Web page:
24 April 2013 | News | By BioSpectrum Bureau
The latest findings suggest that extreme obesity may be even more dangerous for men than it is for women
Singapore: According to a study published in the journal PLOS Medicine, extreme obesity increases the mortality of an individual. The study aggregated the results of about 20 long term studies on obesity conducted in the USA, Sweden and Australia. This is said to be the largest study of the health consequences of severe obesity.
The study said those with a body mass index (BMI) above 40 are deprived of at least 6.5 years, on average, of expected life span and it increases with the degree of obesity, as much as 14 years for those with a BMI above 55. It also highlighted that the extremely obese are more likely to succumb early to heart disease, cancer and diabetes. Also, the premature deaths attributable to all causes, from injury to chronic lower respiratory infections, were consistently higher in those with severe obesity.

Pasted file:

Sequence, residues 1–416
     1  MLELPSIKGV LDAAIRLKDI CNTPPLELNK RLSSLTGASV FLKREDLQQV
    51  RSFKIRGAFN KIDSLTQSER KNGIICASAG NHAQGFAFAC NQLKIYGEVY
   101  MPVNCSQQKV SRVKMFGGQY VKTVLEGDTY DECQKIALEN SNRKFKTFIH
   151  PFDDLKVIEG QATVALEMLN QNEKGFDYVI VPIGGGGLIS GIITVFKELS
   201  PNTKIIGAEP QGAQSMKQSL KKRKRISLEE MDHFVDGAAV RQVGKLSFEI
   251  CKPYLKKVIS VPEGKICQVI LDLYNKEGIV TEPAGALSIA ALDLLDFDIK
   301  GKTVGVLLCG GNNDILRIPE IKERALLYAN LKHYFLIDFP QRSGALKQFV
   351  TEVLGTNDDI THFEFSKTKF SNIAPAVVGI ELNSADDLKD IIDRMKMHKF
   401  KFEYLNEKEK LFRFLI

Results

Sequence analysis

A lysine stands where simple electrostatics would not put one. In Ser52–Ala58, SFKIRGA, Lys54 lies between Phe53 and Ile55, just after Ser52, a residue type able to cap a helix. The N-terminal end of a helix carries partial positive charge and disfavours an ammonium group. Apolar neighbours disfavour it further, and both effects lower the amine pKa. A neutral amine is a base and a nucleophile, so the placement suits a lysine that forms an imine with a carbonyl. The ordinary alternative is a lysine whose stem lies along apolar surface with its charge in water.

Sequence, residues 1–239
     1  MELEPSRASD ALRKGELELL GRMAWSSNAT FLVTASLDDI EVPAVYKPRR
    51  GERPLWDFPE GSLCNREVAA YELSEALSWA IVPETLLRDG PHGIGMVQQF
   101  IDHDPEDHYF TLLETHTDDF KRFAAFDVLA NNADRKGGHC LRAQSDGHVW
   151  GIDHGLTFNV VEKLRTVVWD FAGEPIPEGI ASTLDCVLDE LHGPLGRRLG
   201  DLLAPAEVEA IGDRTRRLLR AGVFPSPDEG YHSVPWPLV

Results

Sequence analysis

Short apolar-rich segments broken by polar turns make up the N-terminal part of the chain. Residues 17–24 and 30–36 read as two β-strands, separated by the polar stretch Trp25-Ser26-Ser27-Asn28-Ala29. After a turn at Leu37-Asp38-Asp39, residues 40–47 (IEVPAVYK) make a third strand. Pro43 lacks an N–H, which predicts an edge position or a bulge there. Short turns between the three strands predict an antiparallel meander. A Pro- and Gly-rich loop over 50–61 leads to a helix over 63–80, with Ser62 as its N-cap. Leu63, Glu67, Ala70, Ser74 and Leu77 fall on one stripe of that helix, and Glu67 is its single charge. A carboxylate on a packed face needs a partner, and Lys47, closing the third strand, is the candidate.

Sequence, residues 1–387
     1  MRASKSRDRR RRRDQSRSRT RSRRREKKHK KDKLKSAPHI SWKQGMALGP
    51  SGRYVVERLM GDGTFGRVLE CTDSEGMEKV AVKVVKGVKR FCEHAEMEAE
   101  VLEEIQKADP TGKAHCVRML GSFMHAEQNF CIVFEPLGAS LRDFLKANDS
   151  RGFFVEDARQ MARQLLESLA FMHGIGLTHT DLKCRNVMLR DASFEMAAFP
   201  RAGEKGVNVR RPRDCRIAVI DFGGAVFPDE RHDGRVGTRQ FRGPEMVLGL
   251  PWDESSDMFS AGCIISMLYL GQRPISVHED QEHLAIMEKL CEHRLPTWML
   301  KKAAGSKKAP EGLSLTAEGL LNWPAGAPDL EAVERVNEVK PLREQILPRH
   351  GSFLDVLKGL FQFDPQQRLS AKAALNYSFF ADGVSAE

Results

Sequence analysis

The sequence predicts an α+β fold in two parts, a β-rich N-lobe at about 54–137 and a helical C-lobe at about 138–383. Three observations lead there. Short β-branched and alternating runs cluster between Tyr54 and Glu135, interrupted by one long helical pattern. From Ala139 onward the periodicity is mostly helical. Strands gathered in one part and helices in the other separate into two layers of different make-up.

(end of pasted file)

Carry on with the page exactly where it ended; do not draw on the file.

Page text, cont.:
The latest findings suggest that extreme obesity may be even more dangerous for men than it is for women and for younger adults compared with older ones. They come as evidence mounts that weight-loss medications, as well as diet and lifestyle counseling, work only moderately in helping the obese lose weight and keep it off.
As the extremely obese age and their ranks continue to grow, the authors of the current study said, that their medical problems may reverse progress made in driving down cardiovascular disease. Breast, colon, pancreas, ovaries, kidney, esophagus, thyroid and gall bladder cancers are more prevalent among the obese. "If current global trends in obesity continue, we must expect to see substantially increased rates of mortality due to these major causes of death, as well as increasing healthcare costs," the authors concluded.